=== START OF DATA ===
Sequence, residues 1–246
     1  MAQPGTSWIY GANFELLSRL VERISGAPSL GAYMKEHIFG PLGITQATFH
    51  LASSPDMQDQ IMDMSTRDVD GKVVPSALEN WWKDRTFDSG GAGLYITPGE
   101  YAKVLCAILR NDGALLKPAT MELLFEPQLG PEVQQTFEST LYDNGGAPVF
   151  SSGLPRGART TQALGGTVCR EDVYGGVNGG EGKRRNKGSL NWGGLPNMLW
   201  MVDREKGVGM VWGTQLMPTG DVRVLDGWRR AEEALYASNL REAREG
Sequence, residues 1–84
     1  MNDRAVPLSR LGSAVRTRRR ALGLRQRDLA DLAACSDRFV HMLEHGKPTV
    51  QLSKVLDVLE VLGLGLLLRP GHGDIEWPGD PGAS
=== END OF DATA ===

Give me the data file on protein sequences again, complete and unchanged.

Sequence, residues 1–246
     1  MAQPGTSWIY GANFELLSRL VERISGAPSL GAYMKEHIFG PLGITQATFH
    51  LASSPDMQDQ IMDMSTRDVD GKVVPSALEN WWKDRTFDSG GAGLYITPGE
   101  YAKVLCAILR NDGALLKPAT MELLFEPQLG PEVQQTFEST LYDNGGAPVF
   151  SSGLPRGART TQALGGTVCR EDVYGGVNGG EGKRRNKGSL NWGGLPNMLW
   201  MVDREKGVGM VWGTQLMPTG DVRVLDGWRR AEEALYASNL REAREG
Sequence, residues 1–84
     1  MNDRAVPLSR LGSAVRTRRR ALGLRQRDLA DLAACSDRFV HMLEHGKPTV
    51  QLSKVLDVLE VLGLGLLLRP GHGDIEWPGD PGAS